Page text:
Creation of “A and “B” Shareholders
What I propose for all public companies is the creation of “A" and “B” shares for all of their publically traded stock. The “A” shares are voting shares and would be attractive to long term shareholders whilst the “B” shares are non voting and would be targeted towards short term traders. The immediate advantage and effect of such a scheme would be to create a market for both long term shares and traders which would allow companies to communicate more effectively with those who have a long term objective. The voting "A" shares could also be subject to some time restrictions on their disposal – this might prove to be very worthwhile but could also be impractical.
But the creation of the two classes of shares would also allow the public investing in Superannuation and Retirement funds to demand Funds have portfolios available for them for their savings which are made up of “A’ shares or “B” shares – whatever is their product of choice. I would hazard a guess the overwhelming number of members would opt for the “A” shares. Directors of most corporations ( except those only interested in short term trading of shares) would be required to hold only “A” shares and I would propose that a substantial base must be maintained whilst serving in office and any shares allotted under a scheme cannot be disposed of other than over a 3 year period after cessation as a Director. It seems sensible to restrict the right of Directors to hold “B” shares. Any lending of those shares to others ought to be prohibited.
Directors Benefits and salary packaging- voting at Annual General Meetings
I propose the salary packaging of the top management and Directors should continue to be subject to shareholder approval and share options and bonuses are tied to the long term real levels of performance above inlationary expectations.
I think salary caps are a matter of regulation – but it seems sensible to me that shareholders ought to also think about sensible limits on what just one person can be paid having regard for the size of the company and industry. A good start within this contentious issue is to ensure the actual owners of the businesses - the shareholders, have their say with a view to voting on the matter given reasonable input from the company.
It seems likely with more affinity established with long term shareholders that companies will wish to ensure they have the approval of shareholders before even in engaging on major new amalgamations or new acquisitions.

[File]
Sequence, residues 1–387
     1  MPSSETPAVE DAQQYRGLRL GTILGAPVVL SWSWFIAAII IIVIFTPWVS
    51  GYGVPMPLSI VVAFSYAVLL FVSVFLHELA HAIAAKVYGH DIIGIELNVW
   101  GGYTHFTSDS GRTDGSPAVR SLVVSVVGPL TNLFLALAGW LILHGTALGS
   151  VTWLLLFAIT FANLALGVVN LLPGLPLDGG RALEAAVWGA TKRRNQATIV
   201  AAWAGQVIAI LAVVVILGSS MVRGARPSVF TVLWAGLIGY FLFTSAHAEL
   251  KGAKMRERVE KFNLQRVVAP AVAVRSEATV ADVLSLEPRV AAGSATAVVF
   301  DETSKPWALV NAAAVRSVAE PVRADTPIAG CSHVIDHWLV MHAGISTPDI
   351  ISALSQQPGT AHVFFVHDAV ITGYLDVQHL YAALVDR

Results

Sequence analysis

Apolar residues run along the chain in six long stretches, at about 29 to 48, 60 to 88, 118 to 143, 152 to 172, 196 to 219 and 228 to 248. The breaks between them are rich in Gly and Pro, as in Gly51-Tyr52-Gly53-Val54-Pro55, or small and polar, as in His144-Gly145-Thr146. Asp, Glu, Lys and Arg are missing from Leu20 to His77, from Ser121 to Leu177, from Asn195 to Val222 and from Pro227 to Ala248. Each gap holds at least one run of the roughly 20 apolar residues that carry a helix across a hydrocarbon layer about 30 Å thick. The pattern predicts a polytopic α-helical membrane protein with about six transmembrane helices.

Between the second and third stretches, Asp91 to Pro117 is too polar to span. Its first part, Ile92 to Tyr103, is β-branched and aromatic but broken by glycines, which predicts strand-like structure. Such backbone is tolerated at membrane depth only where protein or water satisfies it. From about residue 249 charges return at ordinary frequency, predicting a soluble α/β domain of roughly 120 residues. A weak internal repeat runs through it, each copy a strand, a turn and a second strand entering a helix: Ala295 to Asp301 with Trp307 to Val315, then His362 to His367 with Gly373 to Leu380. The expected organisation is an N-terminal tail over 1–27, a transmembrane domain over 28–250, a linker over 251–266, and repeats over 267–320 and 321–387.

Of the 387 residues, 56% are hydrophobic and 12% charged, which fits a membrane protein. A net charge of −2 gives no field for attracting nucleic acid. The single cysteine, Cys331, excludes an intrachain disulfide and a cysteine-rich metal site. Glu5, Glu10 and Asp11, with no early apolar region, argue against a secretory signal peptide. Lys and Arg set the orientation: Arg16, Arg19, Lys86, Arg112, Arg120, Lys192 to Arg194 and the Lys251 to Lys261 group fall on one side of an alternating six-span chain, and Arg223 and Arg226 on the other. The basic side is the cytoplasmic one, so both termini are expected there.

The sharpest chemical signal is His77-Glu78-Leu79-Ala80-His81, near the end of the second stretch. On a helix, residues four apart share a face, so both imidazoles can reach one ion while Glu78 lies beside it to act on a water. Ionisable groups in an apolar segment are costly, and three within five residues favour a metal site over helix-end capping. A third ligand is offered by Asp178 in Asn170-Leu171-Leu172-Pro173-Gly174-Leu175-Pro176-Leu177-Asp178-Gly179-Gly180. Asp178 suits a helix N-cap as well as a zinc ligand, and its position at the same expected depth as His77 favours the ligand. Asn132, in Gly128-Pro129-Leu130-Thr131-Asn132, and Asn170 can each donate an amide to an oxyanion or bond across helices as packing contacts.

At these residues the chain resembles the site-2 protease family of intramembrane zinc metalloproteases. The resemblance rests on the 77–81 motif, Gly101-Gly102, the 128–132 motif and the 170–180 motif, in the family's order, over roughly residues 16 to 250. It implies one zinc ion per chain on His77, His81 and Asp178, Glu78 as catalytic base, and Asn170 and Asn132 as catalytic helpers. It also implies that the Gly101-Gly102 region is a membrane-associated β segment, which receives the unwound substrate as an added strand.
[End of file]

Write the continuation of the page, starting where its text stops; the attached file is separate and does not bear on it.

The current taxation laws that operate in some countries such as the USA discriminate against companies paying Dividends to shareholders since these dividends are taxed in the hands of the recipient shareholders at the full personal marginal rate despite the fact they may have already been taxed at the company level. This is a form of double taxation. If legislation was introduced to give a credit for the tax rate already paid at the company level to the recipient shareholder it would have the effect of encouraging investing in companies with the ability to pay sustained dividends and further enhance a long term focus.
In economics, large public companies play a dominant role and, in my view, the market structure in which they operate requires radical surgery. That change does not necessarily involve more regulation but rather a change in the system to ensure the focus is from the short term to the longer term. There are many more aspects, with a little imagination that can give effect to this much needed change in the way business is conducted. Shareholders, are not in my opinion unreasonable in their objective to earn a fair and equitable return on their investments. But the tide has turned to give too much power to the Retirement Funds Industry and the directors of those large companies. What I think is needed is to change the way shares are structured in the market to give power back to those who actually write out the cheques- (the owners -eg the shareholders of the businesses who purchased the shares or the investors in the Retirement plans who gave their money to the funds to buy shares ) and restore more confidence in the overall system.